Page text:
Animal Friends President and CEO David Swisher heralds the organization’s cause
Photography by Cayla Zahoran
“We kind of rescued Lucky, a 2-year old chocolate lab, off death row, if you will. When she came to Animal Friends, one of the kennel people came and said, ‘Dave you got to see this dog. She is beautiful.’ It was just a perfect match. She’s been a great addition to the family.”
For Animal Friends President and CEO David Swisher, a love of animals took him from being an accountant to being named the organization’s first CFO 16 years ago. “I was the CFO for about a year and a half, and then the previous director had left and the board asked me to just step in on an interim basis. They were going to do a national search — but they haven’t said anything since,” he says with a joking smile.
In 16 years time, Swisher has seen the animal shelter go from a small space in the Strip District to a beautiful campus at the new Caryl Gates Gluck Resource Center. Established five years ago, the headquarters are complete with walking trails and expanded amenities. “When we found this property and decided to build this new facility, it changed the whole dynamic of the organization. We wanted to change the way an animal shelter looked, the way it smelled, the way it served the community. We’ve been able to welcome so many more people to the facility and help so many more animals,” Swisher says.
At any given time, Animal Friends houses between 250 dogs, cats, and rabbits. An extensive foster program is also in place, where volunteers take animals into their homes until they are ready for adoption — typically, there are 100-125 additional pets in foster care. Swisher says 2,400 animals are adopted per year.
Animal Friends has also formed a partnership with Ainsworth Pet Nutrition. The company donates all animal food for the shelter, which, interestingly, has allowed Animal Friends to give back to the community through their Chow Wagon program. “Any [pet food] donations we receive from the general public, we turn around and give to local food banks, so that they can give the food to their clients to make sure their pets are being properly fed and given the proper nutrition,” Swisher says. “It’s a really nice program, especially in this difficult economy.”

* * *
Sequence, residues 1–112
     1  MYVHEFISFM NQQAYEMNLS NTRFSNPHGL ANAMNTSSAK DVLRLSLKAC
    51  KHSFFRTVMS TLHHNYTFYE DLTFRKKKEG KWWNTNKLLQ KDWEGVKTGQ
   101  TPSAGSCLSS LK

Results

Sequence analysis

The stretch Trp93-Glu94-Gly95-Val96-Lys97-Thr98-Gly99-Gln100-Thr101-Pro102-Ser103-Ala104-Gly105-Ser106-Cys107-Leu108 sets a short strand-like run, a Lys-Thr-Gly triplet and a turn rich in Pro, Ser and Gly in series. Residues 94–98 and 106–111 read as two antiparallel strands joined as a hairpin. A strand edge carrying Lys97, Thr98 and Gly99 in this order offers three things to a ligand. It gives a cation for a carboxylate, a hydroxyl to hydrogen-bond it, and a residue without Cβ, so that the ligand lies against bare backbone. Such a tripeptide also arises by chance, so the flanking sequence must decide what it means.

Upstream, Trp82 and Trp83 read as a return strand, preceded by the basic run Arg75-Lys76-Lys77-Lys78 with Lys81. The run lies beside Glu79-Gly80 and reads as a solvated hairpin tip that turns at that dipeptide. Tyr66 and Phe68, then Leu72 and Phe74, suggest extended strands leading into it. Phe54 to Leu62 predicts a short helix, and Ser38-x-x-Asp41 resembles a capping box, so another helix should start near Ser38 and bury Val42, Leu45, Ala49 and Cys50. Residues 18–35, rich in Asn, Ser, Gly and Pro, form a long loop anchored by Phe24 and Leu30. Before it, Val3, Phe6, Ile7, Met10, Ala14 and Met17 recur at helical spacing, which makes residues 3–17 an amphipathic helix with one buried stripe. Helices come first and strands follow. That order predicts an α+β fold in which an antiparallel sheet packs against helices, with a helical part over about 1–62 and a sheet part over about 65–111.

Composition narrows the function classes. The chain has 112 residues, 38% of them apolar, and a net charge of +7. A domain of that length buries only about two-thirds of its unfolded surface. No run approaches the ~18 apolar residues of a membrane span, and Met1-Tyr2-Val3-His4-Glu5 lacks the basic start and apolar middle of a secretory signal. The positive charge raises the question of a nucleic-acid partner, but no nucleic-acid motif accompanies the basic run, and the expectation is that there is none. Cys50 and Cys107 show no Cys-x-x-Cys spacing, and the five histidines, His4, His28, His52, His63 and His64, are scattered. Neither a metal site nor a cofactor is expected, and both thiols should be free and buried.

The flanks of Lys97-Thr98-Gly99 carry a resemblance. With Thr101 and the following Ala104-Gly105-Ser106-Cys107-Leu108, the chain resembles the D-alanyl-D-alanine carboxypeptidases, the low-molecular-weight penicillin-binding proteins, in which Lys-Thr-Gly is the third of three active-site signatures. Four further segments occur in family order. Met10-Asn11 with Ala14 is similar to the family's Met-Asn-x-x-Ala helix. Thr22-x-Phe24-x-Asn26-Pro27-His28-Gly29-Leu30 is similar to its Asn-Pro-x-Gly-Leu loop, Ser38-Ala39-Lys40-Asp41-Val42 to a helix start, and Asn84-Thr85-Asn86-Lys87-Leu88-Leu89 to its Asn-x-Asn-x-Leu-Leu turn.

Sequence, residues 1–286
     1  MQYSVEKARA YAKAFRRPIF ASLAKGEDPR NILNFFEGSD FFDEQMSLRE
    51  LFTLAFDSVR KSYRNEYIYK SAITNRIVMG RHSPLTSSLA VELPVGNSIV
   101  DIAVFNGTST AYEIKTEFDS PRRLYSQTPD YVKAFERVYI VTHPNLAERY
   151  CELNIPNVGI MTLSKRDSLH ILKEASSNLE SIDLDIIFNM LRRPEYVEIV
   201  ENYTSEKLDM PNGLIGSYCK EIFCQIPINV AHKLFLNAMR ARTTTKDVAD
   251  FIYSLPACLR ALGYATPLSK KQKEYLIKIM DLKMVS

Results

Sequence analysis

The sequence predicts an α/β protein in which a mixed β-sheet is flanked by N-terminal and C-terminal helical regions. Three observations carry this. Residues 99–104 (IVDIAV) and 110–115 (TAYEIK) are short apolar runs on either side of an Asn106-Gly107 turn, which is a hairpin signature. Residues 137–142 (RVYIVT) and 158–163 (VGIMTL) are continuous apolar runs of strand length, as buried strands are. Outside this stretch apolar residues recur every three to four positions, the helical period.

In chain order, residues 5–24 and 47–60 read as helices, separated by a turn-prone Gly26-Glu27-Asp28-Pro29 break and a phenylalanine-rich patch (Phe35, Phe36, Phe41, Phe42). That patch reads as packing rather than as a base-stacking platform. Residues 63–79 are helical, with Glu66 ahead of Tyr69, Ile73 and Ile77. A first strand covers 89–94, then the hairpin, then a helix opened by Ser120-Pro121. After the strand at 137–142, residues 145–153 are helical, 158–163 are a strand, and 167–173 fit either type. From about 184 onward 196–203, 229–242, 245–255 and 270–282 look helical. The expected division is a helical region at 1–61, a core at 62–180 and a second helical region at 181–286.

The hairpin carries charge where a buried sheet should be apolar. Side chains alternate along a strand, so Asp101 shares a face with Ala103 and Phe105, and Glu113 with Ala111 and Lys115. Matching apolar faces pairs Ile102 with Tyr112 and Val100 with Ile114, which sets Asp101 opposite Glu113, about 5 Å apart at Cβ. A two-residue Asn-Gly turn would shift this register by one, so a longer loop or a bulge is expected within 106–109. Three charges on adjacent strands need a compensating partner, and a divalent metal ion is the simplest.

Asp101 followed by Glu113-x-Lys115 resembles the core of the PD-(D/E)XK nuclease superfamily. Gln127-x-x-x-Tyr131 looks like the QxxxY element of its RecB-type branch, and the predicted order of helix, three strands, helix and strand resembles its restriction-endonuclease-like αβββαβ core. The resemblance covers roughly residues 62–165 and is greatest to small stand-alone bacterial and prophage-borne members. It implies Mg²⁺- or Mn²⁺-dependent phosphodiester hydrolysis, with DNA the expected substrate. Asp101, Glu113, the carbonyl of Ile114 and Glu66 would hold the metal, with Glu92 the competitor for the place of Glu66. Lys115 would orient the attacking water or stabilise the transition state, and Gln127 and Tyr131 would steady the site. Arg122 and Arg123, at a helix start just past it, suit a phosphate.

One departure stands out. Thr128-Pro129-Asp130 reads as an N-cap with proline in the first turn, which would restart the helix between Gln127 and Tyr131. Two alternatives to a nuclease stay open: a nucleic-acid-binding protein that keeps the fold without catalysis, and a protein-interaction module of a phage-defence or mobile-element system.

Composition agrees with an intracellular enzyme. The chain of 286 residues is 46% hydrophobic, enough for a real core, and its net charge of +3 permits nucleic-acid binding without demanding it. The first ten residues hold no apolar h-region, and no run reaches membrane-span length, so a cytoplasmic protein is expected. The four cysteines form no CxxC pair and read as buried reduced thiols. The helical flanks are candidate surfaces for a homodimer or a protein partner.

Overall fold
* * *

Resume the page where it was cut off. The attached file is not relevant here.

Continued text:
Animal Friends has also implemented and expanded human programming in recent years. “We have a humane education program that reaches out into the schools and educates students about compassion and empathy and how to care for animals. Our hope is by reaching out to them through animal welfare, we can also make them more appropriate towards other human beings,” he explains.
While Animal Friends is known for their adoption programs, they know that adoption will never solve the problem of pet overpopulation. Swisher explains, “Above all else, our primary focus is to end unwarranted euthanasia in our region through a community-wide spay/neuter initiative. By making low-cost surgeries available to all pet owners, feral cat caregivers and smaller shelters, we are well on our way to spaying and neutering 24,000 pets over three years.”
With an organization that gives back so much, it was a no-brainer to us here at WHIRL to agree with cover girl Beth Stern’s suggestion that our 10th Anniversary Party, which takes place this month, benefit the organization. “We are so excited about it because Beth is certainly a true animal lover. Her reputation in animal welfare speaks for itself — she is always out there trying to educate the community about the importance of animals in our lives so we were really excited that she will bring a national presence to Animal Friends,” Swisher says. “We hope to garner from it a few adoptions. We would love to get a few volunteers out of it, and obviously we would just like to raise awareness about the important work that Animal Friends is doing in the community.”
Animal Friends, 526 Camp Horne Road, North Hills. 412.847.7000. thinkingoutsidethecage.org.